Flemish nationalists will gather outside the Palais de Justice in Brussels today to call for an amnesty for all Belgians who collaborated with German occupiers in the Second World War. The nationalists will lay a wreath in memory of Irma Laplasse, who was executed by firing squad in 1948 for collaboration.
On Wednesday, Belgium's highest military court ruled that Laplasse should not have been executed. The judge found that the farmer's wife from the Flemish village of Oostduinkerke had indeed committed treachery by directing the Nazis to a resistance hideout. But her crimes did not warrant execution; instead, she should have been given a life sentence.
As the judgment was delivered at the Palais de Justice, Belgian concentration- camp survivors wearing the blue and white caps of Auschwitz and Ravensbruck gathered outside to protest. Also present were groups of Belgian war-time resistance fighters and veterans of the Belgian secret army. These demonstrators cried out against an amnesty and against any posthumous rehabilitation for Laplasse.
"I lost my parents, my brothers and my sisters before I escaped from Auschwitz," said Haim Prchcearski, as he showed his camp number tattooed on his arm. "Women like [Irma Laplasse] sent us to the camps."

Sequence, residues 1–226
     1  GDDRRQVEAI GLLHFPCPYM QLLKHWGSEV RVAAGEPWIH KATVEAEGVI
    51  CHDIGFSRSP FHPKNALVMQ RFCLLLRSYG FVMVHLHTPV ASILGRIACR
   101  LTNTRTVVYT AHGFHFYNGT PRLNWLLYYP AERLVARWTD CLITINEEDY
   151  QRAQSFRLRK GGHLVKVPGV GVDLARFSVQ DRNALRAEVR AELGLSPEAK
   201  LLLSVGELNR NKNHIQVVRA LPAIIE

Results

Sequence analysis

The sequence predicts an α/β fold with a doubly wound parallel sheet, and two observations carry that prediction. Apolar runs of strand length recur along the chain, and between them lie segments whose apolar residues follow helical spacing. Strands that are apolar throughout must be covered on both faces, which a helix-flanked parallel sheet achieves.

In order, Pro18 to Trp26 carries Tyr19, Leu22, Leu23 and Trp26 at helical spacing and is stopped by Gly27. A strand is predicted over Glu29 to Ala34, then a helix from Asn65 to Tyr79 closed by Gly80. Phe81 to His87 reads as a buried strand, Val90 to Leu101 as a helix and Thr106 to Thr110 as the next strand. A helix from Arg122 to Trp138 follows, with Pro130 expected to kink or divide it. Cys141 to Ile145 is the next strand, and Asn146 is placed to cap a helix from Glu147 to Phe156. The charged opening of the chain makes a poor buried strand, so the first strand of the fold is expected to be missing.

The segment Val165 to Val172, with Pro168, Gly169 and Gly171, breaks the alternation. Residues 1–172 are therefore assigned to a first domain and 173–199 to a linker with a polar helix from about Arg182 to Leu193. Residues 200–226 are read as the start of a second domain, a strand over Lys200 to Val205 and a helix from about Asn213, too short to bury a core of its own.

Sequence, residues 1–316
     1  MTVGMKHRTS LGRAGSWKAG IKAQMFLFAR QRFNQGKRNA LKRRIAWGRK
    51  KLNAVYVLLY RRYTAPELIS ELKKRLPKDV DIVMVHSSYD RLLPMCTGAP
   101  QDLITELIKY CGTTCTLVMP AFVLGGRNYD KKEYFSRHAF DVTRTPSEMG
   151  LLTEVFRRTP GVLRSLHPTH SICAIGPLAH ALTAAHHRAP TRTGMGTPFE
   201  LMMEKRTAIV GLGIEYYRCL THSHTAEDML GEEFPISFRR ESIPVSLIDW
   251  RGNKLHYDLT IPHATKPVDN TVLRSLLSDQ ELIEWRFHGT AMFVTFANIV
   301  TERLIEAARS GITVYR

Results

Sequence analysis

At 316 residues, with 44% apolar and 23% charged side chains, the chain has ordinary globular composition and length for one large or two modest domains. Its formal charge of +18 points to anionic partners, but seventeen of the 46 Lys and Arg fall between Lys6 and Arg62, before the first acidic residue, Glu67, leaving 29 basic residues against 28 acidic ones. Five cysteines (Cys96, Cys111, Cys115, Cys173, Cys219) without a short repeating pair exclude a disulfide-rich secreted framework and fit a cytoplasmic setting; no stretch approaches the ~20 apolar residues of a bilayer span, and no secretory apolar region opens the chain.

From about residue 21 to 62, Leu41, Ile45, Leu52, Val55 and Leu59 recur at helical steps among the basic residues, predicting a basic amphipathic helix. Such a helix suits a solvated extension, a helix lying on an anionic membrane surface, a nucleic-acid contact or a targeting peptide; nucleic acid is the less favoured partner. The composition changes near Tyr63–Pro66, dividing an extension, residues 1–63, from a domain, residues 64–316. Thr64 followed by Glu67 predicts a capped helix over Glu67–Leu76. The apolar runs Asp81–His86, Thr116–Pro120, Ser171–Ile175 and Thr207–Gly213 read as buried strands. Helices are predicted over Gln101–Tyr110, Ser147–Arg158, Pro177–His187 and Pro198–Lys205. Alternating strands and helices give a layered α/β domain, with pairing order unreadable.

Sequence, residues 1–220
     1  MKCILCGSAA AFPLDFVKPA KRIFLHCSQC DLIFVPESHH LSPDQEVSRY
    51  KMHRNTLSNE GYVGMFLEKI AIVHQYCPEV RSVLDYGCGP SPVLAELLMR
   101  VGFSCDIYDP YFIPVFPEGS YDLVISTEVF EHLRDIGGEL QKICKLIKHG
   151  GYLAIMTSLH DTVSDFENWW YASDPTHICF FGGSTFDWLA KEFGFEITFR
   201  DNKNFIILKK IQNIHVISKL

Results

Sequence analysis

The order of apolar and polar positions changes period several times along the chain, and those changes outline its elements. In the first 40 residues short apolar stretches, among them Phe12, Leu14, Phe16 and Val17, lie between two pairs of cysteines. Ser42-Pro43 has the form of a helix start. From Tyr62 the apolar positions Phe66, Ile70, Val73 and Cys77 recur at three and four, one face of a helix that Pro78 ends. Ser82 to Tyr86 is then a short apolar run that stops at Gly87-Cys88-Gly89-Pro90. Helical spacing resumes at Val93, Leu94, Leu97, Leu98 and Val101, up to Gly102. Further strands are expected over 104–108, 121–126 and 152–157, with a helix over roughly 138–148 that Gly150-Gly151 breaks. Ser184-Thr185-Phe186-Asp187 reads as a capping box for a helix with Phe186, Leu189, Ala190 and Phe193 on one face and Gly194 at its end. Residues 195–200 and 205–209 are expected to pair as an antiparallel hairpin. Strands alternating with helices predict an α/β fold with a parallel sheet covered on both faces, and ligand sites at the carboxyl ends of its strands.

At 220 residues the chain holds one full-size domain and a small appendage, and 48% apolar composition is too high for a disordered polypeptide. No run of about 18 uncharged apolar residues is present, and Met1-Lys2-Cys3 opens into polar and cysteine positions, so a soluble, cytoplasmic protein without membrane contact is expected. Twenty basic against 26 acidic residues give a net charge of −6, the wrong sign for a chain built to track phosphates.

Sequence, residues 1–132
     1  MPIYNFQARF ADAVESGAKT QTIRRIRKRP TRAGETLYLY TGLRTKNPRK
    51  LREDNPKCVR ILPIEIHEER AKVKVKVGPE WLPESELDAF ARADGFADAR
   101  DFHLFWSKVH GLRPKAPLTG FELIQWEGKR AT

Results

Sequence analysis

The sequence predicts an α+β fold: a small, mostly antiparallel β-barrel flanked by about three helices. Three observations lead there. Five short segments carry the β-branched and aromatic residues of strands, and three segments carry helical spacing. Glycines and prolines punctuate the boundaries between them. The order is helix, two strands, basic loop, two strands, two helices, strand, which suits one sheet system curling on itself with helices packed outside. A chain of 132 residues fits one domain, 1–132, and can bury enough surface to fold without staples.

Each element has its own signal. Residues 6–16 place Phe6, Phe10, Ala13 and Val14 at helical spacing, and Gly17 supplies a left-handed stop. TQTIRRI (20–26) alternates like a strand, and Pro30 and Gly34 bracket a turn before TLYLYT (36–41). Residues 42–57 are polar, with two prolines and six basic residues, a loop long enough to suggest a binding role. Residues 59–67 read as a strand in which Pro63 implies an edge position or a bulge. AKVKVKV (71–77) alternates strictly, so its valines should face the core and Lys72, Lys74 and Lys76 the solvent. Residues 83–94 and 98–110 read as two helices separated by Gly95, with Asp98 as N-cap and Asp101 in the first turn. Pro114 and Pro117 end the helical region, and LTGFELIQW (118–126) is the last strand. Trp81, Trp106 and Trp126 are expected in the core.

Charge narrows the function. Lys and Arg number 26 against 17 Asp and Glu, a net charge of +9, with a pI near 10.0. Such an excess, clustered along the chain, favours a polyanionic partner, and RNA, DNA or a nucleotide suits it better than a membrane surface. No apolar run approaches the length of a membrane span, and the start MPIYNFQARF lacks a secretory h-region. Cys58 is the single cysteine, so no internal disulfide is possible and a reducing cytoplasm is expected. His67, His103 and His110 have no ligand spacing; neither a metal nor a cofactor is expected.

The Laplasse case has reopened deep divisions in Belgian society, reviving hatred and suspicion between the French-speaking Walloons and the Flemish extremists who want an independent Flanders. Although there were collaborators in both communities it is the Flemish who call most loudly for an amnesty, presenting it as part of a national agenda.
During the appeal the court heard how, just hours before the village of Oostduinkerke was liberated by Canadian forces in September 1944, seven resistance fighters had rounded up collaborators including Irma Laplasse's son, Fred Laplasse. According to the evidence Fred's mother informed the Germans, who then raided the school where the collaborators were being held, killing the seven resistance fighters.
The Flemish nationalists have argued that there was never any evidence to suggest that Irma Laplasse revealed the whereabouts of the hideout. Her execution, they say, was political and they accuse the Belgian government of victimising Flemish collaborators in an attempt to repress the Flemish community.
By reopening the case the Belgian government risked strengthening the case for an amnesty for up to 15,000 Belgians who are still accused of collaboration, and still punished under Belgian law by reduced pension and property rights.
The final judgment was an attempt to find a compromise. The Belgian authorities clearly hope now that by declaring Irma Laplasse a traitor they will quell emotion among the families of the dead resistance fighters. However, as today's demonstration will show, the decision may only refuel the campaign for amnesty.